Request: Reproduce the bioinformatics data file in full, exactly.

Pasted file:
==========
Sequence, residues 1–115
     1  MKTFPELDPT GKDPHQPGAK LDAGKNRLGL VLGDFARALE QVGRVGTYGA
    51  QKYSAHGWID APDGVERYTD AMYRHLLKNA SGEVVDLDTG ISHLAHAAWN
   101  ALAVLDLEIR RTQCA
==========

Sequence, residues 1–115
     1  MKTFPELDPT GKDPHQPGAK LDAGKNRLGL VLGDFARALE QVGRVGTYGA
    51  QKYSAHGWID APDGVERYTD AMYRHLLKNA SGEVVDLDTG ISHLAHAAWN
   101  ALAVLDLEIR RTQCA